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By Ruby Prosser Scully
Some politicians and commentators have called for opinion polls to be scrapped following prime minister Scott Morrison’s shock win in the Australian federal election – the latest in a string of perceived polling failures in recent history.
For two years, polls put the left-leaning Labor party ahead of the more conservative Coalition. While the gap progressively shrank in the six months ahead of the election, the figures were consistently in favour of a Labor win. Of the 16 polls held since the election was called last month, all went in favour of the Labor party when responders were asked to pick from the leading two parties.
On the eve of the election, four key opinion polls had Bill Shorten’s Labor at a 51-49 over Morrison’s Coalition. Exit polls and betting sites also got it wrong, with Sportsbet set to pay out more at least A$5.21 million.
As the picture of a Coalition victory began to emerge on Saturday evening, ABC’s election analyst Antony Green called it “a bit of a spectacular failure of opinion polling”. Other politicians and commentators have since joined in the criticism.
Kevin Bonham, an independent analyst from Tasmania says this was worse than the failure to predict Donald Trump’s US election win in 2016. There, pollsters accurately predicted Hillary Clinton winning the popular vote, but failed to properly poll key local areas that were assumed to be safe Democrat and instead swung to Trump.
A single poll can be wrong by two or three per cent because of random sample error, but Bonham says it is suspicious that all the polling firms were repeatedly getting similar, incorrect results. “It’s vastly improbable that would happen by random chance,” he says.
Instead, he suggests that polling companies might have engaged in statistical smoothing, or herding, of the figures because they want to avoid being embarrassed by having a different result to others. He cited one example in Australia where a polling group broke with its competitors and called the wrong election result, which caused them to lose their contract.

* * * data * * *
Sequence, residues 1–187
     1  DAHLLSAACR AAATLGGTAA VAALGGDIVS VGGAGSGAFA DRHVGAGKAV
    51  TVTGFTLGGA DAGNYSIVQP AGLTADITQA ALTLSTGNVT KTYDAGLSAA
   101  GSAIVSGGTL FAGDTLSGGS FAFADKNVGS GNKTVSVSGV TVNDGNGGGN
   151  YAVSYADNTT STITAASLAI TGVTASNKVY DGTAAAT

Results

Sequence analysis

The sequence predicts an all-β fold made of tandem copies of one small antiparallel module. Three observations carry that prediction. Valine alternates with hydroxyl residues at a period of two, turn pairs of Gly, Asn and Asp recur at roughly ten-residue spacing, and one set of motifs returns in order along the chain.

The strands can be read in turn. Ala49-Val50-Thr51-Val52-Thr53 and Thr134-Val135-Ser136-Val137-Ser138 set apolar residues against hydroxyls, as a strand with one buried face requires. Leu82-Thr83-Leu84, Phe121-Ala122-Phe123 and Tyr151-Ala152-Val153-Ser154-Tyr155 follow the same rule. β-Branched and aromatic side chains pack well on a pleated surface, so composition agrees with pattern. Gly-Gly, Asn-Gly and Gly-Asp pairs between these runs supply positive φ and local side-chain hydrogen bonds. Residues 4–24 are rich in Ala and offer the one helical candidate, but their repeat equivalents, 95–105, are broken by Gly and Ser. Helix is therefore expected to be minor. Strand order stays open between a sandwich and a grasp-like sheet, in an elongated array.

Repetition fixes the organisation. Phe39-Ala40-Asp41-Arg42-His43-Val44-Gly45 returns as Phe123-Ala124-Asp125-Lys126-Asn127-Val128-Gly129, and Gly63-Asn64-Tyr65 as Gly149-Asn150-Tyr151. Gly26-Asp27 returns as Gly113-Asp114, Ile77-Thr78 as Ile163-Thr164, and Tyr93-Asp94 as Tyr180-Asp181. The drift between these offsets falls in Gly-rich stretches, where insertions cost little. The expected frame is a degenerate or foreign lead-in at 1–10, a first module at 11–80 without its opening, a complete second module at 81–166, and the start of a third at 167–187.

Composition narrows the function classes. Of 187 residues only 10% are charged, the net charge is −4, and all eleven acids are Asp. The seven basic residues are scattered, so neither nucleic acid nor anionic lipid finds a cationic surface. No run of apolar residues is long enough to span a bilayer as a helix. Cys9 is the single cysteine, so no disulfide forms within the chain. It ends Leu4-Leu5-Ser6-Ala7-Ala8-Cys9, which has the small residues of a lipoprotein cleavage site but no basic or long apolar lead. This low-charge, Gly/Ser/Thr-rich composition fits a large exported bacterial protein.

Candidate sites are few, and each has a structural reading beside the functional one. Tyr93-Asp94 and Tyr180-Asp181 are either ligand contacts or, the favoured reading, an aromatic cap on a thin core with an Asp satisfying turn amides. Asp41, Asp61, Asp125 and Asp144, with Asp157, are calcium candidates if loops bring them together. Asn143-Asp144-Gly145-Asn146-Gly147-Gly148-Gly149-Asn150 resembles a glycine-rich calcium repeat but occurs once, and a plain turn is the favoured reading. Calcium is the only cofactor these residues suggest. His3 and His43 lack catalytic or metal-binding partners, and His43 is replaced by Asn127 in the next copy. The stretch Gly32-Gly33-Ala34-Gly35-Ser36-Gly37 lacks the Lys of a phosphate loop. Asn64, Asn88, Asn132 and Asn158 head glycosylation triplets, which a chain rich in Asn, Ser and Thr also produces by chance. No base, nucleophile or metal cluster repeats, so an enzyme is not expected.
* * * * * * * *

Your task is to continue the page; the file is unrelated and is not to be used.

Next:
Nevertheless, Bonham says the idea that polls are getting worse worldwide isn’t borne out by the research. Australia has typically had “very accurate” national polling, he says. That may be because voting is compulsory – if pollsters don’t have to try to anticipate who’s going to vote, they can just focus on how they are voting.
This isn’t straightforward though. Shaun Ratcliffe at the University of Sydney says one of the difficulties with accurate polling is that it is increasingly difficult to get people to respond to opinion polls. Fewer houses have landlines, especially among certain demographics such as young people, and mobile phones make it easier for people to screen calls, he says.
Ratcliffe also believes that an overlooked problem is accurately polling people who speak a language other than English at home, which accounts for about one in six Australian citizens.
Despite this, he says opinion polls are getting more accurate in Australia. “It’s a bit like an arms race”, he says – ss demographics change and technology shifts, pollsters must update their methodologies.
“I think it’s easy to overact to one bad result, but we have to remember that there’s a common factor with all of the high-profile misses – they were all very close elections,” says Ratcliffe, pointing to the UK 52 to 48 per cent result in favour of Brexit, which also came as a polling shock in 2016. It seems that whenever there is a highly-polarised vote, pollsters will have to cross their fingers.